Can Parents Be Charged For The Actions Of Their Kids?

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Many kids go through rebellious times, and as a parent it can be stressful and hard enough to see your child struggle. If they end up getting in trouble with the law, parents in California now have an additional concern and reason to worry: can parents actually be charged for the actions of their kids? In the State of California – yes.

California’s “parental responsibility law” can impose criminal charges and penalties on a parent for the criminal actions of their children. Additionally, California parents can also be held liable in civil court for damage or harm caused by their children.

Which California laws can hold parents liable for the actions of their children?

California parents won’t be charged with the same criminal charges of their children, however, they can be held responsible when their children commit crimes.

California Penal Code Section 272(a)(2) states that a parent (or legal guardian) of a minor under the age of 18 years old has “a duty to exercise reasonable care, supervision, protection and control over their minor child.” But what does this mean for you and your family? This means that if the California courts determine that you reasonably should have known that your child was acting in a delinquent manner, or likely to act in a delinquent manner, and you failed to take any action to discipline your child or otherwise supervise or control them, you may be charged for the failure to exercise “reasonable care” or “control” over your child.

California Penal Code Section 270 addresses school truancy, and provides that a parent may be charged with a misdemeanor if their child is a “chronic truant” which occurs when a child is absent (without a valid excuse) for more than 10% of the schooldays in any one school year. A conviction under this section of the penal code can send a parent to jail for up to a year and hit them with a fine of up to $2,000. Many courts will allow parents to avoid fines and/or jail by participating in parenting classes, counseling or other programs; however, this is not guaranteed, which is why it’s extremely important that you contact an experienced criminal defense attorney as soon as possible if you believe that your child may be a chronic truant, or if you have been warned by your child’s school or local law enforcement that they are a chronic truant.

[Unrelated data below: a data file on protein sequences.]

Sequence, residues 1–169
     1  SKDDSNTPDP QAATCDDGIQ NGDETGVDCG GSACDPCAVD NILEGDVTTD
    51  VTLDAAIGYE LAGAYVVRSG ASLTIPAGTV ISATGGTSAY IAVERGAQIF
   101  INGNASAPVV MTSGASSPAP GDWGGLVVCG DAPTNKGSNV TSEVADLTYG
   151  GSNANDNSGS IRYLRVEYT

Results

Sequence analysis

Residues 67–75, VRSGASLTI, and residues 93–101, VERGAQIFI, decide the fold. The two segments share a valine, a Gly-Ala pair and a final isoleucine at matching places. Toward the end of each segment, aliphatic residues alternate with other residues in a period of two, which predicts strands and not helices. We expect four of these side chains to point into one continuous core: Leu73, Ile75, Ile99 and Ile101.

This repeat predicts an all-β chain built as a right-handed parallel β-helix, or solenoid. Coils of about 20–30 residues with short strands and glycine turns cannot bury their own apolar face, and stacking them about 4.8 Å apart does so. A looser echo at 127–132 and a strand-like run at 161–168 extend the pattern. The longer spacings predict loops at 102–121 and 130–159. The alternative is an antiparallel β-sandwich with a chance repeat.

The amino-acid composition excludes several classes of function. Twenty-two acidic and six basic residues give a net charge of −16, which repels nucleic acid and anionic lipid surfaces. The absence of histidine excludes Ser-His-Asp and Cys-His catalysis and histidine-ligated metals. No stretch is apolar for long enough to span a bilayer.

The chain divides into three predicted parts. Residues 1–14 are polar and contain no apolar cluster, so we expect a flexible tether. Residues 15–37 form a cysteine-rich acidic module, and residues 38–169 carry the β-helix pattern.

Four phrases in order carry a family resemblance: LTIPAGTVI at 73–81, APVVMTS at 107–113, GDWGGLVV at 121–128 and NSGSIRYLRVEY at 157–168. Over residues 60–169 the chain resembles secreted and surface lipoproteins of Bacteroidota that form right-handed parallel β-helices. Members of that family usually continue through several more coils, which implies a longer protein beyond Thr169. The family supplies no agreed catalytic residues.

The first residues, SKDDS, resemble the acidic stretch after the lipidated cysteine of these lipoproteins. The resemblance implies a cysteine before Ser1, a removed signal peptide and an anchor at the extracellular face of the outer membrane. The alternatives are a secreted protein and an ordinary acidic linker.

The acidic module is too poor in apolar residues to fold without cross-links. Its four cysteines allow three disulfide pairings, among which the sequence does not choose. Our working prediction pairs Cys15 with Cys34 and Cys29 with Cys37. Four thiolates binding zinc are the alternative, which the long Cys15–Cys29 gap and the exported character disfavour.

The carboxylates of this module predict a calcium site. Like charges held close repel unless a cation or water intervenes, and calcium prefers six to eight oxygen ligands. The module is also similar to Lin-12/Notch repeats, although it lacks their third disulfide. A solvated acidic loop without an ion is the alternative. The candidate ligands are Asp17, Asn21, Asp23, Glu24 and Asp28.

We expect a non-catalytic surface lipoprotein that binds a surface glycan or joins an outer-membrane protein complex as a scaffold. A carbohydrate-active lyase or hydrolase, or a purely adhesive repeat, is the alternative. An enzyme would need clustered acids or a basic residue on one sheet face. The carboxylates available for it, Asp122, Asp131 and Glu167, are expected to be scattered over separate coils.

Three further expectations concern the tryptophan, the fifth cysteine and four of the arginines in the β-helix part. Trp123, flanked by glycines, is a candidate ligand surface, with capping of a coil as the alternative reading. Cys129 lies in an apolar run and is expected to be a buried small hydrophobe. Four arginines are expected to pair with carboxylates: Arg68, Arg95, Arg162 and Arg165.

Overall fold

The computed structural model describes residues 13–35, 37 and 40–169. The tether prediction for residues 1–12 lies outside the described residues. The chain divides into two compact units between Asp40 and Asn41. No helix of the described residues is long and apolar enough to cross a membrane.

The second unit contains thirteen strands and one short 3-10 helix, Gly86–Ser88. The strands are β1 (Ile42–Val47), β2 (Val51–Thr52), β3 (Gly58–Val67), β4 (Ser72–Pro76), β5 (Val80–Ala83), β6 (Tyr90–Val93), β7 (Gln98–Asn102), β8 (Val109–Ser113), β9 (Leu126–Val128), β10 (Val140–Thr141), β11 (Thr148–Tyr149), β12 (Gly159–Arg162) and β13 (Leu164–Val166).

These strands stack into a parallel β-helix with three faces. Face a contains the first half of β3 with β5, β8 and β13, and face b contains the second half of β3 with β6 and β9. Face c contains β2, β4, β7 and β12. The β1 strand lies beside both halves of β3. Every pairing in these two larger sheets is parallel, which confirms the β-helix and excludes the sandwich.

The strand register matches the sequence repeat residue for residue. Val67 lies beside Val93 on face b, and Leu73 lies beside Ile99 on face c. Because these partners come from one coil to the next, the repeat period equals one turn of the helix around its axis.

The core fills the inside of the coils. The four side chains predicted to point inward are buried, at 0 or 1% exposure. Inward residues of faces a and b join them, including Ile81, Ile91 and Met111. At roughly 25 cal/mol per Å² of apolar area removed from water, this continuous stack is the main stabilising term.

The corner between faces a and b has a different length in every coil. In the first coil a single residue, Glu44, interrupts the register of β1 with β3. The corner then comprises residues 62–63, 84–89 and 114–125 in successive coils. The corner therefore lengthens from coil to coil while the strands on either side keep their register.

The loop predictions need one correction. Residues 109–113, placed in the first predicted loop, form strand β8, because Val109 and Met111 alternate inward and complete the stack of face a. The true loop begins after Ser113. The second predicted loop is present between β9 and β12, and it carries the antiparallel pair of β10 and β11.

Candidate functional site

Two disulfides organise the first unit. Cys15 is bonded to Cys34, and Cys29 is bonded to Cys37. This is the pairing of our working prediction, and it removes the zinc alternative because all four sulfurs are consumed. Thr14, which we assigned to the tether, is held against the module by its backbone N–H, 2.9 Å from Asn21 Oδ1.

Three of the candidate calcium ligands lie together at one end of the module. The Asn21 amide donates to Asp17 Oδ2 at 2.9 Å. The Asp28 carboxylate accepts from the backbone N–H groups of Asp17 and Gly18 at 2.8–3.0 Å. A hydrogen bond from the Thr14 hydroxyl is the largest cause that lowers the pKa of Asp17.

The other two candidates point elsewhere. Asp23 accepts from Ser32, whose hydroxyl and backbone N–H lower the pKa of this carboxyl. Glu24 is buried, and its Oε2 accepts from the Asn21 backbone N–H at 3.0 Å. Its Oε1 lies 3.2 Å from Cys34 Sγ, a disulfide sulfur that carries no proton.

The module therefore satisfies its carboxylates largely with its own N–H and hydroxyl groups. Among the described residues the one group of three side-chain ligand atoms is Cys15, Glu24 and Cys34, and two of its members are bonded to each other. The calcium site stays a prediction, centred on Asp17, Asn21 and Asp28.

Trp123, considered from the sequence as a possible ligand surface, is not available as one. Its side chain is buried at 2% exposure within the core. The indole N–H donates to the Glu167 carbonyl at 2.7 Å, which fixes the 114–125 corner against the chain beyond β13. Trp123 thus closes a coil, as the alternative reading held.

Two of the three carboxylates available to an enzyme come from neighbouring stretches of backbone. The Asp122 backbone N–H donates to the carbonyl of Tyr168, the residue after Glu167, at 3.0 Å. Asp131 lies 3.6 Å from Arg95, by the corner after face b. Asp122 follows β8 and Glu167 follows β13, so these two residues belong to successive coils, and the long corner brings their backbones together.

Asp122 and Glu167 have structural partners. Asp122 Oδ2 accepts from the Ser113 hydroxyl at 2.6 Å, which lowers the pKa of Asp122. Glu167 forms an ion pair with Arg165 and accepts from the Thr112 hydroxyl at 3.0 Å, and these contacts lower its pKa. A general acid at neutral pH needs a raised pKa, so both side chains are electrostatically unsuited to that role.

If your child has been questioned by the police for suspected criminal activity, if they are skipping school on a regular basis or if you have any other reason to believe that you may be at risk of facing criminal or civil charges based on the actions of your minor child, call the Kosnett Law Firm today at (310) 751-0446, or visit us online to learn more about your rights under the law.

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